14ymedio, Elías Amor Bravo, Economist, 5 September 2022 — La Guiteras has been incorporated into Cuba’s national electricity system after overcoming the failures that caused its shutdown, news that in any other country in the world would be inconsequential. But in Cuba, in this agonizing summer of 2022, in which the alumbrones [a word coined to mean periods when the lights are on] have become a daily event in the difficult coexistence on the Island, it’s great news when a thermoelectric power plant produces electricity.
And as the communist regime enjoys the propaganda and the legendary narrative of the events that happen in the country, the article published in the State newspaper Granma is not wasted and says something like “after about four days of uninterrupted work, in which more than 200 maintenance actions were carried out, the largest unitary bloc in the country went online after ten o’clock on Saturday night, and on Sunday morning it exceeded 200 MW.” That doesn’t fool anyone and isn’t a heroic deed. This is a brief description of the usual operation in these cases, by the way, not exclusive to La Guiteras, since the rest of the plants are the same, or worse.
Granma added that “the operators solved the localized breakdown in the boiler and the vacuum damage in the condenser-turbine, and eliminated the causes that led to high water consumption, the origin of the problem that forced the plant to stop.” This is one more example of the work of informational monitoring by the regime so that Cubans understand the official version of the origin of the blackouts and attribute them to short-term or specific causes, which are resolved in this way, when the national electricity system is really a victim of the prevailing economic model, and its destiny is linked to it. That is, in order to enjoy quality electricity again and continuously, it is necessary to implement structural changes that the regime doesn’t even want to talk about.
And as the Guiteras problem will promptly return, Granma says that “to achieve greater reliability, it will be necessary, as soon as possible, to carry out the proper cleaning of the boiler and eliminate all the defects that limit its efficiency.” (so, what have they done?) and adds in this regard that “the washing of the boiler requires a shutdown of approximately ten days to increase the load to 280 MW and prolong its permanence in the system, without unforeseen exits.” Thus, a shutdown of Guiteras and a return to the blackouts are foreseen.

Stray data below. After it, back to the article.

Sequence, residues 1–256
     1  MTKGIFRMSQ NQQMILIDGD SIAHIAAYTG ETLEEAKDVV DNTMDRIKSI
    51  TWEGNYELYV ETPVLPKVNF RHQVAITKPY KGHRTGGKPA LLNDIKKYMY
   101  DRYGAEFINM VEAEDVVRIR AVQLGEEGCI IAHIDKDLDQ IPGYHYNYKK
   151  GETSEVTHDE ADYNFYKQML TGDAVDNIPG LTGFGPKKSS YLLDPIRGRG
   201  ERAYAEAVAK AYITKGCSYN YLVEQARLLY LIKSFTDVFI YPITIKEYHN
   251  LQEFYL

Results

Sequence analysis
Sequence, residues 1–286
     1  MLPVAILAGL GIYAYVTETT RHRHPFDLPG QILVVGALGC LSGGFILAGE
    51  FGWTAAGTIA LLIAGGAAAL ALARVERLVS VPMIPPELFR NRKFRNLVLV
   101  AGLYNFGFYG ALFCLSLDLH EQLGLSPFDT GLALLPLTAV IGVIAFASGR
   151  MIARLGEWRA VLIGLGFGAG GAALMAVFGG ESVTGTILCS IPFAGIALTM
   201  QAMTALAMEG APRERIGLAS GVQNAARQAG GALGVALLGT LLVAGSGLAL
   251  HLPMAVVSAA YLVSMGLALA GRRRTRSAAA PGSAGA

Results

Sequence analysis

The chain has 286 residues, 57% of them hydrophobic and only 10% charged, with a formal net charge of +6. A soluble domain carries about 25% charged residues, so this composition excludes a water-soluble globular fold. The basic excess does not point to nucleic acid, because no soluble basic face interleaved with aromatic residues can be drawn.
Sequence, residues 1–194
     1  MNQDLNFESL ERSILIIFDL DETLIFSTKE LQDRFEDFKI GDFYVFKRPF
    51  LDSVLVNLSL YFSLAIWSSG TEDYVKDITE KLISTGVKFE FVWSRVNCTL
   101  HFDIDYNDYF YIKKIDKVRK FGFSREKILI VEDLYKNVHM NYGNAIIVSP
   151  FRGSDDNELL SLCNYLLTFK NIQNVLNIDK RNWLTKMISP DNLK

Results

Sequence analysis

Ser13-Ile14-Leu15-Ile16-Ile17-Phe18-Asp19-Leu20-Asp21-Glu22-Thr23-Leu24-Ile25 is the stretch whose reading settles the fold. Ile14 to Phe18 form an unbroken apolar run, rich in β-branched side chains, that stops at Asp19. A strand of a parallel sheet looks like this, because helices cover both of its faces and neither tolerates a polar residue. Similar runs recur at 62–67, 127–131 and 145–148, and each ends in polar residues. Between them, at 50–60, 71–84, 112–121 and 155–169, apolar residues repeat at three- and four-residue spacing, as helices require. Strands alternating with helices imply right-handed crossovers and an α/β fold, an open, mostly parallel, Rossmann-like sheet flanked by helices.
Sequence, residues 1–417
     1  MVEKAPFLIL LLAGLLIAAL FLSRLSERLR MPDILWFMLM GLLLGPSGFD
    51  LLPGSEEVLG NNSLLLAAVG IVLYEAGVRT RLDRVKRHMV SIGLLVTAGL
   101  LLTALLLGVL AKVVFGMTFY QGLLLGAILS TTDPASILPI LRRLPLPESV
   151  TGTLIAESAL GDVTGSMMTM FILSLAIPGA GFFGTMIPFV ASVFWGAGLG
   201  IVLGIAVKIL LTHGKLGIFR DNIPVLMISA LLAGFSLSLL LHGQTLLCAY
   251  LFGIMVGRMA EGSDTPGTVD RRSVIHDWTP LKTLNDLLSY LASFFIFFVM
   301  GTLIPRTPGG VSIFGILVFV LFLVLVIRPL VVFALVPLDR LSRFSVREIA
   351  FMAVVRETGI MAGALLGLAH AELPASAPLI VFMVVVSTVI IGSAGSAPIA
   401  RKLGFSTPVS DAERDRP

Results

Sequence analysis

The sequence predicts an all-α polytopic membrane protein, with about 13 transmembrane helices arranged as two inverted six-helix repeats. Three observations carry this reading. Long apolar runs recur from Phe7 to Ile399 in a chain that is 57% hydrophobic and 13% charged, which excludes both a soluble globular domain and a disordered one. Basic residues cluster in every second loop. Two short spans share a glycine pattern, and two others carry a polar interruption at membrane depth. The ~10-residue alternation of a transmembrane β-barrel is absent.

The other news that coincides in time with the previous one is that, finally, Felton 1 is stable and contributing 230 MW to the national electricity system, with which it was synchronized last Thursday afternoon.
I repeat: This information tension of the regime with power plants that connect and disconnect, that stop and start, that work and collapse, etc., is unprecedented in other countries of the world, with a level of development lower than Cuba, where electricity doesn’t usually experience these continuous traumas. As if they were broadcasting a ballgame on a continuous basis, the regime has chosen this timely and effective information strategy, instead of explaining to Cubans the underlying problems that paralyze electricity service.
The closest they have come to that reference is the effects of the ‘blockade’ [i.e. the US embargo], but there is never talk of the aging of the power plants, their backward technology, the absence of parts and components, the absence of suppliers, the rates charged, the profitability, the lack of fuel and a long number of factors that make the electric model based on communism unfeasible, an obsolete ideology that has disappeared from all the countries in the world.